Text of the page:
This book is hard to read in that it touches on almost every bad thing that is happening in the economy right now. Throw in an affair, a senile parent and you've got a recipe for a real downer. But Walter throws in plenty of humor. His Matt Prior is a real wise cracker, even when he's up to his eyeballs in debt, losing his wife, and contemplating an illegal way to get himself out of trouble.
  • Calificación: 4 de 5 estrellas
    4/5
    This was an enjoyable read & once I picked it up, I zipped through it much more quickly than I expected. Matt Prior is the narrator & I have to admit that at first I felt he was self-indulgent (I didn't care that that was the point), I didn't much like his wife either (I loved the children & Matt's father) but somehow I was pulled in & felt that I wanted everything to work out for he & his family eventhough he was making decisions high on the epicly stupid list. The main of the story takes place over a series of days as the foreclosure of the Prior's house looms & when Matt's plan finally goes completely off the rails, I was just relieved. I was rooting for the family to lose everything except each other because I couldn't take the crazy anymore.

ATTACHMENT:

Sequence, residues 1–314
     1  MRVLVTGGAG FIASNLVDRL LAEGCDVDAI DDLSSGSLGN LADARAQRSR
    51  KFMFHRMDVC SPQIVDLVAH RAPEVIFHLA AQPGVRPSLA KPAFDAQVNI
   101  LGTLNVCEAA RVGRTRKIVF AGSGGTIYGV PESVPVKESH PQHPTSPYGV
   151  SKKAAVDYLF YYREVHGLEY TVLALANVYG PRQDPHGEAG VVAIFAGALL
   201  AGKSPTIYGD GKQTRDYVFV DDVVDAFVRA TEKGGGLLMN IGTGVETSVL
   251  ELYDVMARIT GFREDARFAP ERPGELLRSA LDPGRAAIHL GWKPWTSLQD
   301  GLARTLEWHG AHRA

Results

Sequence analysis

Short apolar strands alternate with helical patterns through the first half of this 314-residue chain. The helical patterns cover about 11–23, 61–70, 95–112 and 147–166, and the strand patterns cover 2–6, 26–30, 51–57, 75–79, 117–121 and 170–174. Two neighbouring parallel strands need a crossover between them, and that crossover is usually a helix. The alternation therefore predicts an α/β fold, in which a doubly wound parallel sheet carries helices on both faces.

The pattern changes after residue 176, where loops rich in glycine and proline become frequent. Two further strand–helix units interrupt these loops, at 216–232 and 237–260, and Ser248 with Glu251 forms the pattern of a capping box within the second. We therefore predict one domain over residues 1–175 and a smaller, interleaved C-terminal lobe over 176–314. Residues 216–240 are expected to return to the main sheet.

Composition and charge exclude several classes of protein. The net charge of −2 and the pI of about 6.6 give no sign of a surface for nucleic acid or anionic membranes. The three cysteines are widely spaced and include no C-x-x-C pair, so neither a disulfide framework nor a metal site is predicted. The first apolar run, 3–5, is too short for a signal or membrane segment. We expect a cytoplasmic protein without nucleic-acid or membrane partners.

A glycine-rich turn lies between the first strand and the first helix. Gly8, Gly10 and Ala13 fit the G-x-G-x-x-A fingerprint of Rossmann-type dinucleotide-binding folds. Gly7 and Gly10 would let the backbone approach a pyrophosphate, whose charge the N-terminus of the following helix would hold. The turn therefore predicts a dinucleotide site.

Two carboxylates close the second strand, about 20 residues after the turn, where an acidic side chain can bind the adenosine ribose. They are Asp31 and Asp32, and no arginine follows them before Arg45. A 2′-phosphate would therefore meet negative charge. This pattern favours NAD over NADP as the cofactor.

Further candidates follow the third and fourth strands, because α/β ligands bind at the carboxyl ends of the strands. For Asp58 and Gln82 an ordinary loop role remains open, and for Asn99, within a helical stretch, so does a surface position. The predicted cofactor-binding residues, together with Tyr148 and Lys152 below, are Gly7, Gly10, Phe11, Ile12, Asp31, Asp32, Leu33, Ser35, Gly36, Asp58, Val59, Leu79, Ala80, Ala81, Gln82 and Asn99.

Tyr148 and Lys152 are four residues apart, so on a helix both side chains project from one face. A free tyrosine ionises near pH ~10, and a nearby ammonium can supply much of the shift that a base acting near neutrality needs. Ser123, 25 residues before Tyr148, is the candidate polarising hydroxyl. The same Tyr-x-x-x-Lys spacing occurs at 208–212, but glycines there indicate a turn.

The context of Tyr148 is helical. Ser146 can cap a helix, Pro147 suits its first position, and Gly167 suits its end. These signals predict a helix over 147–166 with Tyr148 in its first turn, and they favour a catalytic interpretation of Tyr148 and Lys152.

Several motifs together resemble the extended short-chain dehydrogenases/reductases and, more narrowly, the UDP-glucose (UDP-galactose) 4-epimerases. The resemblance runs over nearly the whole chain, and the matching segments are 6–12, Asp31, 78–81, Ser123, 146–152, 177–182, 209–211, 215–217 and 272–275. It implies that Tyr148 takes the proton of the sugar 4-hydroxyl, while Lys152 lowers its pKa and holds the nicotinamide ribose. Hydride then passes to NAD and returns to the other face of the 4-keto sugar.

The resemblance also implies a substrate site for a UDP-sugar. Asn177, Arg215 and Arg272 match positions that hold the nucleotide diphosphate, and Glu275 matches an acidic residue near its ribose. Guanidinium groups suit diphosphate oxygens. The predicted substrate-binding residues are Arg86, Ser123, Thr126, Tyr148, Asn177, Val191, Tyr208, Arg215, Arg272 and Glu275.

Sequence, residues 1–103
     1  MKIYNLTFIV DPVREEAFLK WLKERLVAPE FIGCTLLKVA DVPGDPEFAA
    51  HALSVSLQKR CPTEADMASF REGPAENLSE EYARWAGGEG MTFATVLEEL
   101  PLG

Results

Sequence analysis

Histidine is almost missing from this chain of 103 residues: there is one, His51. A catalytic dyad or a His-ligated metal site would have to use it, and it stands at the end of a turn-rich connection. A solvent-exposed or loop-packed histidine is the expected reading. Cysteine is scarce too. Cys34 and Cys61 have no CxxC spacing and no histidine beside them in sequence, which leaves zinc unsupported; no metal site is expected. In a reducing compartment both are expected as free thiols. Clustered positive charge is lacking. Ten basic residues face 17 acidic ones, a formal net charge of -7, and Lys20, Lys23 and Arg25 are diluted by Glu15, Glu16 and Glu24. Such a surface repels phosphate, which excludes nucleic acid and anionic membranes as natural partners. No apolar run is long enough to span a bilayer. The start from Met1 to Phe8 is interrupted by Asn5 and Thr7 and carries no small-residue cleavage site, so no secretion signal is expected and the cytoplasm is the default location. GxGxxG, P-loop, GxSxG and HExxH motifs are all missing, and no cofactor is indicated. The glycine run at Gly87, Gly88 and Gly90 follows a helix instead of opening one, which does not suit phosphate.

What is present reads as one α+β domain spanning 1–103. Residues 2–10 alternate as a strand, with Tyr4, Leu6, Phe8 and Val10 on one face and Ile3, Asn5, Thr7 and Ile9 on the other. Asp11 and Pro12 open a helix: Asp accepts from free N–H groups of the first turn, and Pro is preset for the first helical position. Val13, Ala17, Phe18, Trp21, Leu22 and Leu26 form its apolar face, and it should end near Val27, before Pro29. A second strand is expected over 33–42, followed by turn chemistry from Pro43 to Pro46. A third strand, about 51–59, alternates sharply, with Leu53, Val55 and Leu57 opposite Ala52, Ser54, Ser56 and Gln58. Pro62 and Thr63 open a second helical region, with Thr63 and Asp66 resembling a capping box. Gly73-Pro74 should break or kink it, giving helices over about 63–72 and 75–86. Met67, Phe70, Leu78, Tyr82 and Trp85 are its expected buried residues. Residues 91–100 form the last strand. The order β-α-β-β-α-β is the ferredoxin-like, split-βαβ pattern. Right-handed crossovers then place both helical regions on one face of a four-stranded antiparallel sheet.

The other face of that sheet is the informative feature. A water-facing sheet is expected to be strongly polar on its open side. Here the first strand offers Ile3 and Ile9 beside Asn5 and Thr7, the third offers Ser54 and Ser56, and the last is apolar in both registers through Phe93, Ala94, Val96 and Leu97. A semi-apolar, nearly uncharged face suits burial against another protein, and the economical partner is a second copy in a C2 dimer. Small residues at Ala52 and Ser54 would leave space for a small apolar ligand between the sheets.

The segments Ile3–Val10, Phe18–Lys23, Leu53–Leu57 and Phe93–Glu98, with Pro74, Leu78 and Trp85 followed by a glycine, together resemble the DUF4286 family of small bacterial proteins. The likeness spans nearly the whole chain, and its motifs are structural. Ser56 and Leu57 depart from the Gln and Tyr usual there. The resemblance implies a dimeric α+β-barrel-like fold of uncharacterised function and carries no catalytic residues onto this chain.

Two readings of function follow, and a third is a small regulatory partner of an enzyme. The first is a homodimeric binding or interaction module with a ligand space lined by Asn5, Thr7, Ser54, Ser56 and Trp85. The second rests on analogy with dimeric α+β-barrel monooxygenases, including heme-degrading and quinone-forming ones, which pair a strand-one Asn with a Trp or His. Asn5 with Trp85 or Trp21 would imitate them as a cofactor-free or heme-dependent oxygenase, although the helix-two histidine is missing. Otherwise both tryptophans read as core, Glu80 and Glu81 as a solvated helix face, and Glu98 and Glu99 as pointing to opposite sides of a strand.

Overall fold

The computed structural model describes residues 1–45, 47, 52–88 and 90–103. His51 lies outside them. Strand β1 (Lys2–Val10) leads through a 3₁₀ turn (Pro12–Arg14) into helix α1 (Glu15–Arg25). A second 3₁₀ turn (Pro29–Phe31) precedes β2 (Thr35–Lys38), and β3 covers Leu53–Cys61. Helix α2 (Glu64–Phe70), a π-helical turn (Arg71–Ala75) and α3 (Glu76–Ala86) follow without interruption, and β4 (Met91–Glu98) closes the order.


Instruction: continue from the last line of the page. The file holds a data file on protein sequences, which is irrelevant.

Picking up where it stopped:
Though satire, I must say that this pulled at my heart a bit. It felt a little crazy but I cared what happened to the characters. The ending was happier than I expected & I enjoyed that as well. Jess Walter certainly didn't disappoint.
  • Calificación: 1 de 5 estrellas
    1/5